President Bush’s presidency functionally came to an end in 2005 in the aftermath of Hurricane Katrina. If President Obama isn’t careful, his presidency will suffer a similar fate.
Google the term “Obama’s Katrina,” it's immediately seen that pundits on both the Right and Left (but mostly the Right) have been eager to identify a moment that Obama’s administration fell apart pretty much since he took office.
The BP Gulf oil spill, the Benghazi attacks, Hurricane Sandy, the IRS Tea Party targeting, even the rash of sexual assaults in the U.S. military have all been identified by prominent media figures as “Obama’s Katrina.”
And Obama’s approval rating did take some big hits during some of those crises. When the Deepwater Horizon oil rig first exploded, 50 percent of Americans approved of Obama’s job as president, according to Gallup. By July 15, when the well was finally capped, Obama’s job approval was underwater at 44 percent approval and 48 percent disapproval.
But at that point, Obama still had some good moments to come in his presidency. Navy SEALs killed Osama bin Laden on May 2, 2011. The housing and stock markets recovered. Former President Clinton gave a rousing defense of Obama’s first term at the Democratic National Convention.
More importantly, Democrats had a reason to come back and rally around Obama. He simply had to be re-elected. An Obama loss would have been a devastating setback for liberals.
Obamacare, the realization of an almost-100-year progressive project, would have been summarily dismantled before it was ever implemented. Dodd-Frank, global warming regulations, and a slew of other progressive executive initiatives would have died.
But Obama won re-election. Obamacare may still be wildly unpopular, but it is at least being implemented. And now that Obama will never be on the top of the Democratic ballot again, party faithful are already turning their attention toward protecting the presumptive 2016 nominee, Hillary Clinton.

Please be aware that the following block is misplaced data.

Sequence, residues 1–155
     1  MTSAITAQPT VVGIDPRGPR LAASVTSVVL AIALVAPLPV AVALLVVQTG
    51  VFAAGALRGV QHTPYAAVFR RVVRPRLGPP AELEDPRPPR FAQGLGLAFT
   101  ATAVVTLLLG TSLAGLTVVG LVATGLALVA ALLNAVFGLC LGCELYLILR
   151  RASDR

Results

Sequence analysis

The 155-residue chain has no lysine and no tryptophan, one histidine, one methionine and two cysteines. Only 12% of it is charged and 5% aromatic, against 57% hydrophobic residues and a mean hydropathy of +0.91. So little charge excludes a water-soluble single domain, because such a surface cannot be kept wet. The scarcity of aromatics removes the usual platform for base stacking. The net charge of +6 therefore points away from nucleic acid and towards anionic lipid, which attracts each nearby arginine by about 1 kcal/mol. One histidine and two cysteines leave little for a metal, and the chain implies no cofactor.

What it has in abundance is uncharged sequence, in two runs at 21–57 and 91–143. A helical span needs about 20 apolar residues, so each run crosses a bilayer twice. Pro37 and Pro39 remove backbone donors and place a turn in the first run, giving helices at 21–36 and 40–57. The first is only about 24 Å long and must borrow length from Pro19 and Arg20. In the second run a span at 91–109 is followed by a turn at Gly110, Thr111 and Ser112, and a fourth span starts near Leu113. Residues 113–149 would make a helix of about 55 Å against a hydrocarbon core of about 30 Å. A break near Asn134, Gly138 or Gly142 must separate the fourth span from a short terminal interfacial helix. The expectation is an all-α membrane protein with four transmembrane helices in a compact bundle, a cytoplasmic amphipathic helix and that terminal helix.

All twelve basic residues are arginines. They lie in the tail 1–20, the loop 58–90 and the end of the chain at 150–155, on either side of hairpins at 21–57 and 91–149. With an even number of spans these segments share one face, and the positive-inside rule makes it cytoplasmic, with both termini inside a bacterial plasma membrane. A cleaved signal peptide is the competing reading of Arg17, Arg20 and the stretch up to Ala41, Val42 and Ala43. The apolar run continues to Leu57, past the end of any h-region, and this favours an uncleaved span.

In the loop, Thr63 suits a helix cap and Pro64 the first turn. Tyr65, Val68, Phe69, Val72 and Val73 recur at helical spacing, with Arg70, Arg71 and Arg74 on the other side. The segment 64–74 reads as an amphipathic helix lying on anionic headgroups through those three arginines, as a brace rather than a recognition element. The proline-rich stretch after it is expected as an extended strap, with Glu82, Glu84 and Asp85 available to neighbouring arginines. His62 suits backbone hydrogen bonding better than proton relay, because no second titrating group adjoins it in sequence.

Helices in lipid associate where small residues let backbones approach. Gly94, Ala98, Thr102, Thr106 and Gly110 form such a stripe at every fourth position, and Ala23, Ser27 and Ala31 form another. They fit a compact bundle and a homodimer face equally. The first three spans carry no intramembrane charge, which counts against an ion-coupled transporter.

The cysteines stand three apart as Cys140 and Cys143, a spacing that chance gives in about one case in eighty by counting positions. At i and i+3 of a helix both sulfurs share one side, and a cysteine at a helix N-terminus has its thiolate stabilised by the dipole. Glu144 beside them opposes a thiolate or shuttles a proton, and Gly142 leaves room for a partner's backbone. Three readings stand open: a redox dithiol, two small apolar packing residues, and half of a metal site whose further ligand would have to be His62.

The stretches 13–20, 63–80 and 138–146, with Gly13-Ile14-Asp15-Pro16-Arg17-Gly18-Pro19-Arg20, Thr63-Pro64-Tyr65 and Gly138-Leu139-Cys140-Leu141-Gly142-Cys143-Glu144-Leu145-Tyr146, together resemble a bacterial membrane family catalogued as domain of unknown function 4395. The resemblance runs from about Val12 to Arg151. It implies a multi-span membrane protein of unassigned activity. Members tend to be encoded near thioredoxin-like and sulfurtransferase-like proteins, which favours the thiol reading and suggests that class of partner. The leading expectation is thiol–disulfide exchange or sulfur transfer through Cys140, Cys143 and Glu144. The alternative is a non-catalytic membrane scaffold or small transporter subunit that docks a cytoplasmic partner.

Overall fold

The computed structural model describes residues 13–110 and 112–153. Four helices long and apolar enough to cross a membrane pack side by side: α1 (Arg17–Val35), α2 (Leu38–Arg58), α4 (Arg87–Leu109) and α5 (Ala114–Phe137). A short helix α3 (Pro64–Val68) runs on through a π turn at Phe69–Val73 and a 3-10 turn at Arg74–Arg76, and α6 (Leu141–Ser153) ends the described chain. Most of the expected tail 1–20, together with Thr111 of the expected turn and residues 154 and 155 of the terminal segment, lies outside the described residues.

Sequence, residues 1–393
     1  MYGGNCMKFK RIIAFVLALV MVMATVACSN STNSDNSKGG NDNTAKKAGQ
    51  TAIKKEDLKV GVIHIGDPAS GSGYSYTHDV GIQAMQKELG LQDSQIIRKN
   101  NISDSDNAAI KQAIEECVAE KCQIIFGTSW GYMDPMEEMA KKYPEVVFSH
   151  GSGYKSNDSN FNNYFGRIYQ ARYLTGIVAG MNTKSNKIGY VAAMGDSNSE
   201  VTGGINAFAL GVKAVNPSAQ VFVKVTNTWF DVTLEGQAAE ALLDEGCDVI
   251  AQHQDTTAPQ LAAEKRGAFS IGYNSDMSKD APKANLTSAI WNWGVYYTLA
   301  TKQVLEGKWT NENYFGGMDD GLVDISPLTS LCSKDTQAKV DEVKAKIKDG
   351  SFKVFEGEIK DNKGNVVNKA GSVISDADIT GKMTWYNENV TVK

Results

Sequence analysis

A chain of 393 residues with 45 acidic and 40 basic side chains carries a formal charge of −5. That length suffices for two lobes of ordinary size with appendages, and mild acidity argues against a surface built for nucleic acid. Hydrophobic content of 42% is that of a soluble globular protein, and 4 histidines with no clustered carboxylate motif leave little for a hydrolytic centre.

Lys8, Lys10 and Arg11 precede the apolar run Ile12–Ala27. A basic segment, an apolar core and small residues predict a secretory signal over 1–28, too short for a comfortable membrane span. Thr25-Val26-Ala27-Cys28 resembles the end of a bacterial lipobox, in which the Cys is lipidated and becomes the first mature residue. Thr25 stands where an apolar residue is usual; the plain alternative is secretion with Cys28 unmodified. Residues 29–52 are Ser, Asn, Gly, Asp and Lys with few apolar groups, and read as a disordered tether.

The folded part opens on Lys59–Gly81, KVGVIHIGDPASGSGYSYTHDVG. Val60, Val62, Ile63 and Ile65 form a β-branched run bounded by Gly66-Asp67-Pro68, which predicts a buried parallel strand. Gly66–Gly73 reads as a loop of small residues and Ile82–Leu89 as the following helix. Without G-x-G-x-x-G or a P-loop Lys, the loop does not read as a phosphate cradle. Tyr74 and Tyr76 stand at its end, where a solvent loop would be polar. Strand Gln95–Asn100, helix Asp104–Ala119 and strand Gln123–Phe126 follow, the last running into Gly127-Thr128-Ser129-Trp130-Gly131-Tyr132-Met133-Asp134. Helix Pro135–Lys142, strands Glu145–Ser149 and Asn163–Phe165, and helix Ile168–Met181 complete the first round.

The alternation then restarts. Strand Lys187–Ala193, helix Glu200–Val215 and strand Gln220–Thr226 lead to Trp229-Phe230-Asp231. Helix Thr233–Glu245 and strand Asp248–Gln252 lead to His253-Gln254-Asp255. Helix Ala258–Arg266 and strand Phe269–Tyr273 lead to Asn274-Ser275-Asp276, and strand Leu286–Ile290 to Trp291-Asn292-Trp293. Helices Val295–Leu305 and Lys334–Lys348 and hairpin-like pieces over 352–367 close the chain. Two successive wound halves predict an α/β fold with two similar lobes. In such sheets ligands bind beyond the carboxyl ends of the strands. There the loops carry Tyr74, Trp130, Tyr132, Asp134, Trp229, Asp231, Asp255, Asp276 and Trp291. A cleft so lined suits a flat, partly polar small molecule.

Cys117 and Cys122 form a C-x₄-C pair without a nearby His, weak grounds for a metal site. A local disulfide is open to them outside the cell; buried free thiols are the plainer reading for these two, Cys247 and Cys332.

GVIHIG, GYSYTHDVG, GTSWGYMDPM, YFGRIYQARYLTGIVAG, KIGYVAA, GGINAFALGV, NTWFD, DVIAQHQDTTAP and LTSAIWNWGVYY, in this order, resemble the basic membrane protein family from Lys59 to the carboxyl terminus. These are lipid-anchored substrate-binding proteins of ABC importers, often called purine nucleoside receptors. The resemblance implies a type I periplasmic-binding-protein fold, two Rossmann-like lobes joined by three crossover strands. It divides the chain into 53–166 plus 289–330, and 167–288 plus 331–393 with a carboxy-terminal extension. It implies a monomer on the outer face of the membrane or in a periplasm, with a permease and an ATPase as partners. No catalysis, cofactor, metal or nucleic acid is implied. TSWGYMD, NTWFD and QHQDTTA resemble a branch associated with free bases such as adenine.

In this context, Obama’s Syria debacle, and it was a debacle, couldn’t have come at a worse time. Even Obama’s most faithful defenders have admitted Syria was a disaster of unprecedented proportions for the president.
Liberal columnist Joe Klein called Obama’s handling of Syria “one of the more stunning and inexplicable displays of presidential incompetence that I’ve ever witnessed … he has damaged his presidency and weakened the nation’s standing in the world."
Fawning Obama biographer Richard Wolffe told MSNBC that Obama’s White House Syria address was “muddled and unconvincing,” adding that Obama looked “tired” and his overall performance was “embarrassing.”
And an unnamed Democratic strategist who works closely with the White House told National Journal’s Ron Fournier that "this has been one of the most humiliating episodes in presidential history."
Furthermore, the dates between Obama’s Syria mess and Bush’s Katrina match up almost exactly. Hurricane Katrina landed in New Orleans on Aug. 29. Obama announced his decision to go to Congress on Syria on Aug. 28.
But what allowed Katrina to damage Bush had nothing to do with the hurricane. Bush’s approval rating did not really tumble until conservatives abandoned him in droves. And that didn’t happen till after Bush nominated Harriet Miers to the Supreme Court.
When Bush first nominated his personal lawyer to the nation’s highest court on Oct. 3, 2005, his approval rating was 45 percent. Two weeks later, it was down to 39 percent. Bush never recovered.
Yes, former-National Economic Council Director Larry Summers did withdraw his name from consideration on Sep. 15, but Obama, reportedly, is still favoring an administration insider.
Unless Obama caves to his base and nominates Yellen, there still is a possibility Syria could become Obama’s Katrina.Conn Carroll is a senior writer for the Washington Examiner.